Like clockwork: Creating transformational action for the climate
By Pradeep Kurukulasuriya, Head - Climate Change Adaptation, Global Environmental Finance Unit, Bureau for Policy and Programme Support, UNDP, @pradeepk333.
Have you ever seen the inner workings of a mechanical watch? It’s really quite remarkable – a masterpiece of an inter-locking mainspring, gear train, balance wheel, escapement mechanism and indicator dial come together to measure each second with the utmost precision. When one piece fails, the whole watch stops working.
When it comes to climate change adaptation, the process of supporting real transformational change is just as intricate as maintaining your grandfather’s Casio and even more so when it comes to finding the right parts and the right ‘mechanic’. Without the right parts and right people things just don’t work as they should; this is as true for watches as it is for National Adaptation Plans and the goals set out by the Paris climate agreements.
Precision is what these processes require. So, keeping with that analogy, let’s build a ‘watch’ from the ground up:
1. The Mainspring – or ‘Country-Driven Adaptation’
Over the last two years, financing from the Least Developed Country Fund (LDCF) and Special Climate Change Fund (SCCF) – in addition to several bilateral sources (US, Japan, Canada and Germany to name a few) – has enabled several countries to commence their climate change adaptation processes. In a sense, these funding mechanisms have installed a mainspring, which helps to power the watch. But because every country is different – with varying policies, capacities, institutions, tools and resources – each ‘mainspring’ (each power source) needs to be custom designed to fit the environment. Requisite parts include:
A gap analysis to establish government capacities, data availability and potential challenges;
Evidence building to highlight the impact of adaptation interventions, including adaptation options, cost-benefit analysis, and effective monitoring and evaluation; and
Effective transparency frameworks that ensure compliance with global climate standards.
2. The Gear Train – or an ‘All-of-Government Approach’
The gear train in a watch transfers the force of the mainspring to build the units of seconds, minutes and hours. When it comes to adaptation planning, the ‘gear train’ includes cooperation, consultation and coordination between government, civil society and private industry. The key here is setting up a robust institutional framework, which includes:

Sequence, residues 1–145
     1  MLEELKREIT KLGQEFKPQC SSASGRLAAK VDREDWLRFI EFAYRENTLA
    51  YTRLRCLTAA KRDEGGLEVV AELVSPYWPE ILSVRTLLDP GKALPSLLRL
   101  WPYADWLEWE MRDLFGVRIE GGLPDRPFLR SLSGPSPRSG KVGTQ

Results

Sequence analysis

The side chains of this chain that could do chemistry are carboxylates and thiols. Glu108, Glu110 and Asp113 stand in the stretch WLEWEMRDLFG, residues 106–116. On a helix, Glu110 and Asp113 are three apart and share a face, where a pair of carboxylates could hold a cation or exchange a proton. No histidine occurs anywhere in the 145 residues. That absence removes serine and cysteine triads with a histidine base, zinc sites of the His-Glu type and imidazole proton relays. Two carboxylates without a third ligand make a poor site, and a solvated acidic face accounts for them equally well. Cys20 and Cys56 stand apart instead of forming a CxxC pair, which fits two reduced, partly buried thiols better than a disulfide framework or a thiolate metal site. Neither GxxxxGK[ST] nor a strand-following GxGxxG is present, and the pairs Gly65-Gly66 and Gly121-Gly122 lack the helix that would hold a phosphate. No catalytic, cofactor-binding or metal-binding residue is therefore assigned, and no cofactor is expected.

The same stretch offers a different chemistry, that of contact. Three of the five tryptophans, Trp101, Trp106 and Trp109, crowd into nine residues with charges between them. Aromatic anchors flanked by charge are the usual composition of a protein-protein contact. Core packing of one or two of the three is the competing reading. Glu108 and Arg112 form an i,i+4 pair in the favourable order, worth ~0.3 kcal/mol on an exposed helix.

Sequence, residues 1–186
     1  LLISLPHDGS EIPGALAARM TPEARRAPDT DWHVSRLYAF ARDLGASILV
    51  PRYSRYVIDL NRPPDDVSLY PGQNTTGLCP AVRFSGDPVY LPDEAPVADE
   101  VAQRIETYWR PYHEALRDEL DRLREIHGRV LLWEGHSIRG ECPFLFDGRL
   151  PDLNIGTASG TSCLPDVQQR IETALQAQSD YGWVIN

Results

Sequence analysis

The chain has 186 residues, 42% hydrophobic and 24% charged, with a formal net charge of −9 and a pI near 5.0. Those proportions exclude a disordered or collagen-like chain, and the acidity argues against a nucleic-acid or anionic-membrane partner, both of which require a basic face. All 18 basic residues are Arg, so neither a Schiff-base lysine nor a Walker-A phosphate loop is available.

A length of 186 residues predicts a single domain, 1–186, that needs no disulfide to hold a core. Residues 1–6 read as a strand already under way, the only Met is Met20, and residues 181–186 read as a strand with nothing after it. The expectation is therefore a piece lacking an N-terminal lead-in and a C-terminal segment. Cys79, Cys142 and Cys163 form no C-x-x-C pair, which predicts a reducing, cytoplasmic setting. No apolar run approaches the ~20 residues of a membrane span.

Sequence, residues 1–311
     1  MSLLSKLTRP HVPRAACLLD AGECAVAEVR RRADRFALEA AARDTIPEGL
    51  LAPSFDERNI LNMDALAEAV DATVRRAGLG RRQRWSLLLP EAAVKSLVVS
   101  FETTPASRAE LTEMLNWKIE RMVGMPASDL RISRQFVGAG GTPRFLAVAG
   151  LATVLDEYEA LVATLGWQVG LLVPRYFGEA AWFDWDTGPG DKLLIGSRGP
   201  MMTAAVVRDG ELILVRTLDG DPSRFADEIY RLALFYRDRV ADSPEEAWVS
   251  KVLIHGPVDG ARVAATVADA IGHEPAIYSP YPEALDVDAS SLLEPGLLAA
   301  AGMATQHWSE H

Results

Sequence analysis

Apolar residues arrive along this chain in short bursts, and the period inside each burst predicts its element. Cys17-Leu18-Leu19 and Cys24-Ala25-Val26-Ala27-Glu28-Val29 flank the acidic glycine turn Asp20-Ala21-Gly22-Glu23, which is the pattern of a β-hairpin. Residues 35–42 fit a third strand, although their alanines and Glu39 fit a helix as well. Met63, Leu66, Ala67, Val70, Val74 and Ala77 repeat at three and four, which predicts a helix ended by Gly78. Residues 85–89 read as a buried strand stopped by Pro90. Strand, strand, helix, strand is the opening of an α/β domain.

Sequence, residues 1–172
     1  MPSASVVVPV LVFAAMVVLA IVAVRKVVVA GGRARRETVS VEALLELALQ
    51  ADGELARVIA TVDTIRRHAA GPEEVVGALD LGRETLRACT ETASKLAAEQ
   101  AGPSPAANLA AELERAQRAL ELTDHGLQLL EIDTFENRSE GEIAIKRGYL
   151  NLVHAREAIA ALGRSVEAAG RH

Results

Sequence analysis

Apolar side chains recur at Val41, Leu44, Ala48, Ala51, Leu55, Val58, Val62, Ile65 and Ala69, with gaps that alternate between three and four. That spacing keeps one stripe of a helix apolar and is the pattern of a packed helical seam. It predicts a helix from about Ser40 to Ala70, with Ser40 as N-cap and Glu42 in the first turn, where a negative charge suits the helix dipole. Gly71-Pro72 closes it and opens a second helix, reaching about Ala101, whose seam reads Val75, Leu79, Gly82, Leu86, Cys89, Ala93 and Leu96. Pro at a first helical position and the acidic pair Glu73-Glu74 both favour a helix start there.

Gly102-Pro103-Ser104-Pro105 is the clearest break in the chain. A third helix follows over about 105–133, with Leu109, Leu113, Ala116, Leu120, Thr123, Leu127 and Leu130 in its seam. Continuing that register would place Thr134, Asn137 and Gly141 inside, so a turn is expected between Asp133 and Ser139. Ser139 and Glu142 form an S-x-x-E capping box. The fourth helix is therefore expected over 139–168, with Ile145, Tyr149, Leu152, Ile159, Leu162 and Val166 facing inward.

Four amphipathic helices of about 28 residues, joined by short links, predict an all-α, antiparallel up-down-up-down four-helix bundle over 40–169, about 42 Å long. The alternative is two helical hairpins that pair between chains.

Building iterative processes to update and support adaptation plans across sectors;
Developing or adapting relevant legislation to facilitate adaptation plan implementation;
Unpacking adaptation priorities and formulating activities and programmes to achieve adaptation commitments; and
Aligning risk reduction actions with sectoral priorities and policies.
3. The Balance Wheel – or ‘Mobilizing Resources and Private-Sector Participation’
The balance wheel in a watch is the back and forth swing that counts the seconds. In order to keep the ‘seconds ticking’, adaptation planning requires significant funds to set up strong institutional mechanisms, address systemic gaps and build the capacities of decision makers. Resources will be required per country to effectively and efficiently formulate and implement bespoke National Adaptation Plans and fulfill the requirements established by the Paris Agreement. There are a number of balance wheel options out there. For example:
The Green Climate Fund, a new source of funding dedicated to climate action, can be mobilized for adaptation process development;
Build on the momentum from Paris and Marrakech to scale-up financing;
Engage with the private sector and develop bankable project proposals that help to attract investment for adaptation.
4. Escapement Mechanism – or ‘South-South/ North-South Knowledge Sharing’
Despite its odd-sounding name, on a watch, this is about allowing for interval stops to rewind the mechanisms and keep things running smoothly. For climate change adaptation work, this means:
Exchange of technology, information and experiences, i.e. figuring out when there’s an issue and fixing it, or rewinding it – learning from our experiences;
5. Indicator Dial – or how we ‘Keep the System Running’
Upgrading a government system is no easy task. While UNDP supports adaptation measures around the world, at the local level, climate change risks need to be built into planning and budgeting processes to plan for the future. Most importantly, in order to build truly transformational change – the kind that lasts as long as Grandpa’s Casio – you need regular service, and a good mechanic that has the right tools and the right parts to keep the watch running smooth for years to come – and who doesn’t forget to wind it at least once a day.
As the leading agency supporting climate change adaptation globally, UNDP is on the ground in nearly 170 countries, working with our partners year after year to build, fine-tune and ‘wind’ the systems that allow for effective adaptation. This article was originally published on the UNDP blog (Español).